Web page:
-- David Strom, editor of Inside Security


1.  Another decades-old flaw has been found in several PGP-related clients. Called SigSpoof, it allows hackers to spoof a digital signature and was discovered last week by a researcher. The flaw is present only when using the setting called verbose, which is used to troubleshoot bugs or unexpected behavior. None of the vulnerable programs enables verbose by default. – ARS  


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2. There is new research (the link will take you to a sceencast demonstration) about a vulnerability with Google Home or Chromecast devices. It shows that Web sites can run a simple script in the background that collects precise location data on people who have these installed anywhere on their local network. The attack works by asking the Google device for a list of nearby wireless networks and then sending that list to Google’s geolocation lookup services. Google is working on a fix, after initially refusing to acknowledge the researcher’s report. – KREBS ON SECURITY


3.  Microsoft has patched a major vulnerability in Windows 10 that could allow anyone to break into your computer just by issuing voice commands to Cortana. Here are the published technical details of the flaw, along with a step-by-step proof-of-concept video tutorial. Before the patch, you could also use Cortana to obtain confidential data on a PC. Time to update!


4. Gal Vallerius, a 36-year-old French national pleaded guilty this week in the U.S. of selling narcotics on the Dark Web under the nickname of OxyMonster. US authorities arrested Vallerius at the Atlanta airport in September after he arrived in the U.S. to attend and participate in the World Beard and Mustache Championships.  He was found by authorities tracing a Bitcoin-based “tip jar” he used, and his laptop connected him with his crimes. Other dark web criminals use some sort of anonymizing service to hide their identities. Vallerius could face 20 years behind bars.– BLEEPING COMPUTER


5. And in other legal actions, a Belgian man was found guilty of a 16-month campaign of harassment against an author who’s known for campaigning against racism. The man’s identity wasn’t released but between January 2015 and April 2016 the author was attacked on Twitter several times by the same account, @Kafirbrigade. Twitter provided law enforcement with his IP address. My colleague Lisa Vaas tells the story. – NAKED SECURITY (SOPHOS)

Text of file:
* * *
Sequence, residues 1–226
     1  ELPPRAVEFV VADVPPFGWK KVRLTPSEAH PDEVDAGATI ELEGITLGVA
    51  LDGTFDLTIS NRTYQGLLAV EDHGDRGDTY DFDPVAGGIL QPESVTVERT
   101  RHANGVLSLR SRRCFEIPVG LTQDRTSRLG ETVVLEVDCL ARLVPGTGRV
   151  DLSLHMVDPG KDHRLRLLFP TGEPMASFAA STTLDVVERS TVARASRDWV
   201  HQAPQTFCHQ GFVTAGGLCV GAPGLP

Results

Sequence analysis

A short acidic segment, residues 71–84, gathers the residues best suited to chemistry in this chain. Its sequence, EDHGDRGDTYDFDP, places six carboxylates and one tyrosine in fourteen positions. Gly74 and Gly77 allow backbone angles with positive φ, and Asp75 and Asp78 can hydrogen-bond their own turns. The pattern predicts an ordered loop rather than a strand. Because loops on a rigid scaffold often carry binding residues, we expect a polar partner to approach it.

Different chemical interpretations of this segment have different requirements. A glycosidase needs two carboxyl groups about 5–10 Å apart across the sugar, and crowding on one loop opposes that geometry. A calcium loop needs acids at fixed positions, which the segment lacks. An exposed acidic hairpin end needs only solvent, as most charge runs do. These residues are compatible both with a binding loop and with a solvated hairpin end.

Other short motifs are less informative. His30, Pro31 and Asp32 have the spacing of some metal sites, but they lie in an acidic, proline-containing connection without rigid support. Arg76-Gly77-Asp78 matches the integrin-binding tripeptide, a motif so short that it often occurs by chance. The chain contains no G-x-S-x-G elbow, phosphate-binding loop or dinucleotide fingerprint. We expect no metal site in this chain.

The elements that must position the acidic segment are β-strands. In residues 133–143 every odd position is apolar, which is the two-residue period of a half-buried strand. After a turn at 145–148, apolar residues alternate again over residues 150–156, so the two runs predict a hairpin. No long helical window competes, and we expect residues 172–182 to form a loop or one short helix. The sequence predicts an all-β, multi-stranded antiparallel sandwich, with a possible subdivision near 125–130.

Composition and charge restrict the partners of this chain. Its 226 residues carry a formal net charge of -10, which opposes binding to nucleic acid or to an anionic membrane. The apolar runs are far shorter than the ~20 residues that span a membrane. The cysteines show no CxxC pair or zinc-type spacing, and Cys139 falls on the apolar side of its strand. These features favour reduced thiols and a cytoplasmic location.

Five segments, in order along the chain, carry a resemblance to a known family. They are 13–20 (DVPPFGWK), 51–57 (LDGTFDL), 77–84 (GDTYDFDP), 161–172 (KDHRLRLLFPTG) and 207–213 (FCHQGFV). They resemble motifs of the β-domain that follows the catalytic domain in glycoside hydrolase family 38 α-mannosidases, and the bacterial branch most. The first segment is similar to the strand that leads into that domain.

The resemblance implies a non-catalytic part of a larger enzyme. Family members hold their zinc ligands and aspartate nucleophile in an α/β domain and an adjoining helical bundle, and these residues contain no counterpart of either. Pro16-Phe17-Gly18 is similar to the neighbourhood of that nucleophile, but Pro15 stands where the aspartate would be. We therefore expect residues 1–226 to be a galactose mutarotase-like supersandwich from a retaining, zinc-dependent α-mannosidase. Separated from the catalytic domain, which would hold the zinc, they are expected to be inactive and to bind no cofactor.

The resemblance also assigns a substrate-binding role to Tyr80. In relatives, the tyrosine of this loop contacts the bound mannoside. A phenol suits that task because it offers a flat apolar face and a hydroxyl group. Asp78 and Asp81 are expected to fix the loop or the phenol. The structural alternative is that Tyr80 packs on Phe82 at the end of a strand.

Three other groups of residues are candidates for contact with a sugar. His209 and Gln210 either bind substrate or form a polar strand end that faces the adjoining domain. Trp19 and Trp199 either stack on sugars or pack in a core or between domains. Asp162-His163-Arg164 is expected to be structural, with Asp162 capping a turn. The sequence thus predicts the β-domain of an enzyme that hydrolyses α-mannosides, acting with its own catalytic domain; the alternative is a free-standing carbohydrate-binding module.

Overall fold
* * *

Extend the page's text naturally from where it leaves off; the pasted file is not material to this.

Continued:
6.Here is an informative post that reviews a very subtle AWS privilege escalation method and what you can do to protect yourself against it. It starts with creating new policies that can be tweaked. It isn’t a simple process. Rhino has written an open source program called aws_esclate that you can download here to scan your VMs for exploits. – RHINO SECURITY BLOG


7. Two new Android malware families have been discovered. First is MysteryBot. It packs a banking trojan, keylogger, and ransomware into a single package. It operates on both Android v7 and v8 devices by using a reliable way to time its overlay screens and show them when the user opens and brings an app into the foreground. ThreatFabric researchers say MysteryBot appears to be related to the well-known and highly popular LokiBot trojan. -- FOSSBYTES

Second is HeroRat. It leverages Telegram messaging. It has been spreading since at least August 2017. In March 2018, its source code was made available for free on Telegram hacking channels, and as a result, hundreds of parallel variants of the malware have been circulating in the wild. Attackers lure victims into downloading the RAT by spreading it under various attractive-sounding guises, via third-party app stores, social media and messaging apps. – WE LIVE SECURITY (ESET)


8.  Joshua Adam Schulte once created malware for both the CIA and NSA to break into adversaries' computers. He was indicted Monday by the Department of Justice on 13 charges of allegedly stealing and transmitting thousands of classified materials. The claim is that he was the mastermind behind the Vault 7 leaks. Schulte had been charged last year in New York with possession of child pornography. -- NYTIMES